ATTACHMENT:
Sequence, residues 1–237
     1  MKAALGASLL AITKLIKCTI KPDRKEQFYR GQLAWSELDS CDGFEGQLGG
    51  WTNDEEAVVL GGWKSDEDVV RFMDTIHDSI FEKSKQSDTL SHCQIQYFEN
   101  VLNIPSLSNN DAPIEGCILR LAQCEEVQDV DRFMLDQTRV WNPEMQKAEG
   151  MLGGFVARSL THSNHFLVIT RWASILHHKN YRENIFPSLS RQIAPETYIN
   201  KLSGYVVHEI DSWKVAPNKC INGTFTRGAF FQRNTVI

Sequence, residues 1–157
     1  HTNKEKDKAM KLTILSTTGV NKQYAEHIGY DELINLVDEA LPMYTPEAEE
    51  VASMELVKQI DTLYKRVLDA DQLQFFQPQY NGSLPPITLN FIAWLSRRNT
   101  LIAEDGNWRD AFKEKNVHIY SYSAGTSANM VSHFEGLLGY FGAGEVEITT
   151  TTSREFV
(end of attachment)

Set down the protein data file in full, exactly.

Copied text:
Sequence, residues 1–237
     1  MKAALGASLL AITKLIKCTI KPDRKEQFYR GQLAWSELDS CDGFEGQLGG
    51  WTNDEEAVVL GGWKSDEDVV RFMDTIHDSI FEKSKQSDTL SHCQIQYFEN
   101  VLNIPSLSNN DAPIEGCILR LAQCEEVQDV DRFMLDQTRV WNPEMQKAEG
   151  MLGGFVARSL THSNHFLVIT RWASILHHKN YRENIFPSLS RQIAPETYIN
   201  KLSGYVVHEI DSWKVAPNKC INGTFTRGAF FQRNTVI

Sequence, residues 1–157
     1  HTNKEKDKAM KLTILSTTGV NKQYAEHIGY DELINLVDEA LPMYTPEAEE
    51  VASMELVKQI DTLYKRVLDA DQLQFFQPQY NGSLPPITLN FIAWLSRRNT
   101  LIAEDGNWRD AFKEKNVHIY SYSAGTSANM VSHFEGLLGY FGAGEVEITT
   151  TTSREFV